Food tourism and its contributions to the 17 goals for sustainable development (GSD)
Sustainability is key in the development of any type of tourism; its environmental, economic and cultural and social dimensions must find a balance to prevent the present development from hindering the future, so in 2015, 150 countries reached an agreement regarding this issue. 17 goals for sustainable development were defined to find such balance; these were added to other existing 169 objectives and constitute the so-called 2030 Agenda for Sustainable Development. Because of this reality, touristic destinations are eager to find resources and tools that can help them make progress in a sustainable manner.
It is, therefore, in this context that promoting food tourism as a destination, understanding this type of tourism as a group of activities that help the visitor know, experience, buy and taste the cuisine of a given destination, can be regarded as a commitment towards sustainable touristic management.
The idea mentioned above was one of the conclusions reached at the seminar organized by CETT at Casa Vicens as part of the Master’s in Innovative Tourism Management; several experts gathered at that event and discussed the role food tourism can play to meet the 17 goals for sustainable development.
According to experts, food tourism contributes to the three pillars for sustainable development: environmental, economic and social-cultural. For instance, food tourism highlights the importance of local produce and with it, the survival of certain traditional crops which, at the same time help maintain biodiversity and the preservation of certain landscapes.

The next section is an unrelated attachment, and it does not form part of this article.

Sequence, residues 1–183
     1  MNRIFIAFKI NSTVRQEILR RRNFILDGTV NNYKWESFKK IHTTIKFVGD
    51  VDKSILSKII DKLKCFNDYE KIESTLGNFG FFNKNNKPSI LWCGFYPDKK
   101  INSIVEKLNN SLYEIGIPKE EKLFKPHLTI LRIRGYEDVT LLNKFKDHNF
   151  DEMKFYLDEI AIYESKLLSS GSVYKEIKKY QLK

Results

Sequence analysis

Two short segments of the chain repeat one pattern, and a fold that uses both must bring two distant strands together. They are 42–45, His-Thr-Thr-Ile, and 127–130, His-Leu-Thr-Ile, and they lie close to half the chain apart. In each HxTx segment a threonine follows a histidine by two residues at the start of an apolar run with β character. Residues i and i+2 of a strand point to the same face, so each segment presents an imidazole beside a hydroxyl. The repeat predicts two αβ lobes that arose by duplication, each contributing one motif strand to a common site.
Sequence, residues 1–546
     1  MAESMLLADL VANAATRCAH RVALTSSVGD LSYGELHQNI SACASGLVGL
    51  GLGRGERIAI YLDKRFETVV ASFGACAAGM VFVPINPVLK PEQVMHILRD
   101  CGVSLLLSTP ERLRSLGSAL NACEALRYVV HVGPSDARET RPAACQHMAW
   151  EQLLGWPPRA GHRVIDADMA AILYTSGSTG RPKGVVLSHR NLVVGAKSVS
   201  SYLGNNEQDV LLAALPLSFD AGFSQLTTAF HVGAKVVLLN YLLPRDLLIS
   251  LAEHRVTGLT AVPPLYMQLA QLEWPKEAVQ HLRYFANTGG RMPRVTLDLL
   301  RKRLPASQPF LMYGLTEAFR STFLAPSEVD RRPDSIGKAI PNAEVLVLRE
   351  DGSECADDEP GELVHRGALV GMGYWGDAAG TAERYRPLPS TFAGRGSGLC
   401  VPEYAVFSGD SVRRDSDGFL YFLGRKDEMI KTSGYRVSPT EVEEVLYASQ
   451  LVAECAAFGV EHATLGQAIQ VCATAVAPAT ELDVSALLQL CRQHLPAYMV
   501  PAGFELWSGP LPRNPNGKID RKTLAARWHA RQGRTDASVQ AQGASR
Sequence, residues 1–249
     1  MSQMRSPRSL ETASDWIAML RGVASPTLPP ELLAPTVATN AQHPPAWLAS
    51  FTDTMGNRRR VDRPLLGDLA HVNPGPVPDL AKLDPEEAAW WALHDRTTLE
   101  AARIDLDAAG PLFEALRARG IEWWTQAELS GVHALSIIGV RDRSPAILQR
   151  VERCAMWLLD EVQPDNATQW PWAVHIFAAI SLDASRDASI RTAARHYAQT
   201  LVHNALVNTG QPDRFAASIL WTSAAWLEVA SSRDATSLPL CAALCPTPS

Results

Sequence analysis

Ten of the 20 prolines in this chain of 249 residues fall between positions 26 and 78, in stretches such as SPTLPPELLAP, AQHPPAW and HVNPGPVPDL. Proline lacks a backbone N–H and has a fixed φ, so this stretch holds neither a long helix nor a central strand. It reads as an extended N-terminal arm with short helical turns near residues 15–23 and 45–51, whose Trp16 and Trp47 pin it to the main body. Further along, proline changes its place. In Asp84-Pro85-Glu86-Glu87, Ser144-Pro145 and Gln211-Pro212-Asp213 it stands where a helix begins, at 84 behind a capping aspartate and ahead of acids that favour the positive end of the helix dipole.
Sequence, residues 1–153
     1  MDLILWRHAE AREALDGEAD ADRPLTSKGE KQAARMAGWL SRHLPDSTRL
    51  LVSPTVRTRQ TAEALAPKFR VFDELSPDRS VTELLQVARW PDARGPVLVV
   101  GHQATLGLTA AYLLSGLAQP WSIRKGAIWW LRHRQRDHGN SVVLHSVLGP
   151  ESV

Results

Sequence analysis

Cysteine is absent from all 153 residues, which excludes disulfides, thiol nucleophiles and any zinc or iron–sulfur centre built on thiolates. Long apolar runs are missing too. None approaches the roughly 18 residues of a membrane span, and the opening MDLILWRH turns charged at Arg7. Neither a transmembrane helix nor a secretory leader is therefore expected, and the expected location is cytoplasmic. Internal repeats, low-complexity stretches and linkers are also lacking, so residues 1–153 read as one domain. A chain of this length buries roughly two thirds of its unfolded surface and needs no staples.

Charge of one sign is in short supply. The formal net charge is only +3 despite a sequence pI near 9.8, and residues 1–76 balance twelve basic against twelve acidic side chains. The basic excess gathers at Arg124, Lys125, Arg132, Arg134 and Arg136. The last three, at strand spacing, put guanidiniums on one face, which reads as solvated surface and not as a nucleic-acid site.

Likewise, food tourism relies on other sectors that had been neglected by the tourism industry. Food producers and manufacturers play a key role in the activities around food tourism. Hence, a greater number of agents in a destination can benefit from the wealth created by this touristic activity and consequently, the economic impact tourism may bring may also increase. In terms of the economy, experts also highlighted that food tourism helps decrease seasonality and favours the creation of more stable jobs.
Another key aspect that must be highlighted is the contribution of food tourism to preserve certain crafts closely linked to food making and producing. Food tourism has become an integral part of the economic development of some rural areas. Finally, it is undeniable that food tourism contributes greatly to preserve cultural heritage since it helps the survival of local produce, traditions, crafts and myths closely linked to the gastronomy of a destination. This model of development incorporates elements of high touristic value such as local produce (tangible) and other intangible elements that enable the creation of a gastronomic story of the destination (history, traditions, celebrations, etc.)
This reality shows that for the tourism industry to be sustainable, it must grow looking for a balance between its environmental, economic and social-cultural dimensions. Food tourism can positively help towards reaching the 17 goals for sustainable development since it enhances the economic impact of tourism, reduces seasonality and helps preserve the food heritage of destinations. How to prepare to face this challenge? Through our Master in Sustainable Gastronomy or the Master in Responsible and Sustainable Tourism.
Emma Pla Rusca
Director of the Master's Degree in Tourism Innovation Management CETT-UB
Coordinator of Management of Culinary & Gastronomic Heritage Specialization